Nevertheless, the class continued to grow over the years, and, upon the conclusion of Class 66 production in the UK in 2014, 446 of the class were eventually built. But we can’t forget also that the class has seen major success across Europe as well, with dozens of engines in operation in Germany, the Netherlands, Belgium, Luxembourg, Sweden, Norway, Denmark, France, and Poland, with certification pending in the Czech Republic and Italy.

Today, a majority of the class is still in service with a variety of operators. DB Schenker, the successor to EWS, continues to operate the largest fleet of 249 locomotives. Freightliner operates 141, DRS operates 19, GBRf operates 72 and Colas Rail operates 5. Not all of the locomotives however remain with us, as three have been written off.

The first was 66521 on the 28th February, 2001, where after hitting a Land Rover that had fallen down an embankment from the M62 motorway, a southbound GNER InterCity 225 set led by lightweight Class 82 DVT, 82221, derailed and ran straight into the path of the oncoming Class 66 which was working a northbound coal train. With an estimated closing speed of 142mph, the DVT was obliterated

An example of a European spec Class 66, this one operating in Germany.

upon hitting the Class 66, and the freight locomotive was mangled and distorted as it was crushed between its loaded coal train behind and the passenger coaches in front. In the disaster, 10 people were killed, including 66521’s driver Stephen Dunn, although his instructor Andrew Hill, who was also riding in the cab, was able to survive. The locomotive however was for the most part destroyed, and scrapped later that year.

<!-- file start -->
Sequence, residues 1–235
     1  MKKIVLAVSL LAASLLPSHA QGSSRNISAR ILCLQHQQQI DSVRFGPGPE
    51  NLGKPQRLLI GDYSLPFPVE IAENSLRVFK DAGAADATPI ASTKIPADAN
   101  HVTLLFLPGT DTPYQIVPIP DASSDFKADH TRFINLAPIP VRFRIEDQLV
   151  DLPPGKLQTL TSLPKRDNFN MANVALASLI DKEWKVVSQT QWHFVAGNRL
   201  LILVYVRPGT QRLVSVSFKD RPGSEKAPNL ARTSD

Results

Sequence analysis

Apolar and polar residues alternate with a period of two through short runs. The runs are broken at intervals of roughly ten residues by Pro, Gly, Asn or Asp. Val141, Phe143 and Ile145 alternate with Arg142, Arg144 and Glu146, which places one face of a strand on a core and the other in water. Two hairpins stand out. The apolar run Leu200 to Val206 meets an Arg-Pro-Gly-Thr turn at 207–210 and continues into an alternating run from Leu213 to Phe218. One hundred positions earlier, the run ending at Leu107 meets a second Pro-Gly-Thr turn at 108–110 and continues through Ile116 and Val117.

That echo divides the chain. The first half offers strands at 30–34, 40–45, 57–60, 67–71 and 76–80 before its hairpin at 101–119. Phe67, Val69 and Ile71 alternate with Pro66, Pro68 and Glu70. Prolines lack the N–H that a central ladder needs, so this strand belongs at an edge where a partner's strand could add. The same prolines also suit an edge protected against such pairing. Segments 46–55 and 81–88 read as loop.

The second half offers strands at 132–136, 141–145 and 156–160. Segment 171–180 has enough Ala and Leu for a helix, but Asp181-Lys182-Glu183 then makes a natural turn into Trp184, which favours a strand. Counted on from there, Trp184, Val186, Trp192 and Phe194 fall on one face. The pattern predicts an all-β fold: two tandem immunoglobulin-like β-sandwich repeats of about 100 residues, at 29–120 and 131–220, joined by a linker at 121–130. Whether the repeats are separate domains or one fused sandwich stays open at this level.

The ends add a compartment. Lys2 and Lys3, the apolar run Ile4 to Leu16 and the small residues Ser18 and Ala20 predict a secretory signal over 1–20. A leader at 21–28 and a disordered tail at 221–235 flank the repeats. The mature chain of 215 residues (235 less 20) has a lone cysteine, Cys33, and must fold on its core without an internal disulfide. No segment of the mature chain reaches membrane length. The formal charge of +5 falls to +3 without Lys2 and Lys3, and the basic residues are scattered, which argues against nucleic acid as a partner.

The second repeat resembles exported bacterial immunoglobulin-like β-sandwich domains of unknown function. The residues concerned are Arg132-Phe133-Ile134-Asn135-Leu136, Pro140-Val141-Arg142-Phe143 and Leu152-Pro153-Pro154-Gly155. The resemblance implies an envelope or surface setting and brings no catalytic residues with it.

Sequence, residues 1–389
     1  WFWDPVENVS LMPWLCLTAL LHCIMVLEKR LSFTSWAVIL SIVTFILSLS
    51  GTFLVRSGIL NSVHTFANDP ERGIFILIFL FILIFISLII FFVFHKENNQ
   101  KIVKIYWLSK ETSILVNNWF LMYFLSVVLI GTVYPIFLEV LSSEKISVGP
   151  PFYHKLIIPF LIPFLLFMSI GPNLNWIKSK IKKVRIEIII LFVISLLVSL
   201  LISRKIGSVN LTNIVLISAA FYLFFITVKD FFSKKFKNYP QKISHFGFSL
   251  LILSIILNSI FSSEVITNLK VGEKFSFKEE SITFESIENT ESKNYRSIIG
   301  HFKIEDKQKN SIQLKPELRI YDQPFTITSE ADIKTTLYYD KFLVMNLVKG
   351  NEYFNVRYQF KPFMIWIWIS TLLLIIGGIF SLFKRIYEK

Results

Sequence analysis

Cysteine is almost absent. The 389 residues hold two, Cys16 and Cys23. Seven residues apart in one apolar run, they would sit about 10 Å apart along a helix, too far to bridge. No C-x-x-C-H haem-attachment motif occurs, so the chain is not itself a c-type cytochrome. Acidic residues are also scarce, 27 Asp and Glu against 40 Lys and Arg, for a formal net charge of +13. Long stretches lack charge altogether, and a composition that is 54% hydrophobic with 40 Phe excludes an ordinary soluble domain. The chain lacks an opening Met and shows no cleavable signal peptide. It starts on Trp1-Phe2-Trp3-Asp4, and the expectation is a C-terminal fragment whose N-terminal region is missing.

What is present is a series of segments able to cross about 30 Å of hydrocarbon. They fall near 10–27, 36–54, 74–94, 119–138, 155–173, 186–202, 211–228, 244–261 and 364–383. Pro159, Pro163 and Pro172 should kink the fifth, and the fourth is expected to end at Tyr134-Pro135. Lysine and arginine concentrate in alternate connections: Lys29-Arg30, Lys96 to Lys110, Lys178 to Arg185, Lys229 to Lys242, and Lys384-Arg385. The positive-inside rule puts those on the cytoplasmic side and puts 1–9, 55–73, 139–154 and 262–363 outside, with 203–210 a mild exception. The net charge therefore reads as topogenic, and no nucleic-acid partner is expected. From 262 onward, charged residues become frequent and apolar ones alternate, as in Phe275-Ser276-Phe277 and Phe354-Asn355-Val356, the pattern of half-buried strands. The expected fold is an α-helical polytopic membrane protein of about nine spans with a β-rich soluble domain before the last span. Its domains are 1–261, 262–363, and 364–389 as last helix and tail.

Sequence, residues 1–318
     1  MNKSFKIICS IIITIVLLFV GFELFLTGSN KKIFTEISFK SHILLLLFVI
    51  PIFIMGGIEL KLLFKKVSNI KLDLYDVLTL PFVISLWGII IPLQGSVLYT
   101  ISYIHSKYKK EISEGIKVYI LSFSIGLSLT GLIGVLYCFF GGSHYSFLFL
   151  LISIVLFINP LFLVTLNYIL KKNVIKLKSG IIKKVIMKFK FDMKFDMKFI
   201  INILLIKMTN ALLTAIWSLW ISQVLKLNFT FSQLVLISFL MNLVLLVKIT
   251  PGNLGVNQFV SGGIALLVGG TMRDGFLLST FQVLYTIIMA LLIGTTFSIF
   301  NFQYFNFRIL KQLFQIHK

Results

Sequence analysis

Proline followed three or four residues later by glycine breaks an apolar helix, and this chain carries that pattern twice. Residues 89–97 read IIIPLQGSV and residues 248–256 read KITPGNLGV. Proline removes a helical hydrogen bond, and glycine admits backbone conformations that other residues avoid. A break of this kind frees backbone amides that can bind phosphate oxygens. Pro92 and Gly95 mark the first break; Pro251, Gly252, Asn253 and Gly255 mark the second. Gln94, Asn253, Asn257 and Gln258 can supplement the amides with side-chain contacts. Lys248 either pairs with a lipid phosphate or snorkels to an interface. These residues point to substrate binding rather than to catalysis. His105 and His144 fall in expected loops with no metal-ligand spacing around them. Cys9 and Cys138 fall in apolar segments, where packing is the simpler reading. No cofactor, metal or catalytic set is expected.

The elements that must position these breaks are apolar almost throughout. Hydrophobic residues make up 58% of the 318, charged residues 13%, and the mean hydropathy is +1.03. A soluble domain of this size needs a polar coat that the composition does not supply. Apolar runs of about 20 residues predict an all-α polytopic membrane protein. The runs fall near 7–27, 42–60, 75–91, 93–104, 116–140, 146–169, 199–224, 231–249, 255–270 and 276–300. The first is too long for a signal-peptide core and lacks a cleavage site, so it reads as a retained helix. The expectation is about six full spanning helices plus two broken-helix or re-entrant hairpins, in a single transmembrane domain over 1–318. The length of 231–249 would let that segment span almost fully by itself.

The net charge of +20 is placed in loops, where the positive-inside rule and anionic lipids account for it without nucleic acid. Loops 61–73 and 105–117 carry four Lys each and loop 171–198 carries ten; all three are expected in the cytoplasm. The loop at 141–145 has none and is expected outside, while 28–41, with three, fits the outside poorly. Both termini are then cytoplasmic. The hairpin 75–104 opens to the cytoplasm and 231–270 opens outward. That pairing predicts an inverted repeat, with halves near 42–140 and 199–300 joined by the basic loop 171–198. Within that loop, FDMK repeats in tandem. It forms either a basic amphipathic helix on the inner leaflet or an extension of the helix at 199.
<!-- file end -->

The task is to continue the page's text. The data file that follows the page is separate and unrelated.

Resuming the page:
The second was on the 4th January, 2010 involving 66048, which derailed at Carrbridge in snowy weather. Coming down the Highland Mainline with a loaded container train, it passed a signal at danger and was derailed at trap points, subsequently falling down an embankment into trees and injuring the two crew members.

The third was on the 28th June 2012, where GBRf 66734 derailed at Loch Treig whilst working Alcan Tanks. The inability of recovery crews to access the highly remote and dangerous location resulted in the engine being cut-up on site.

Additionally, many Class 66’s have suffered low-speed collisions and derailments, either through faults in the track, driver error, or faults with the rolling stock.

However, despite the criticism, and often being dubbed as bland and utilitarian, the Class 66 is still a major part of the UK freight network, working behind the scenes without need of major attention so as to get the job done. Indeed it may find a home among rail enthusiasts, and perhaps one day it’ll be dubbed a classic like the Class 37’s and 47’s it replaced, but at the moment it’s the UK networks humble hero, plying its trade the best way it knows how.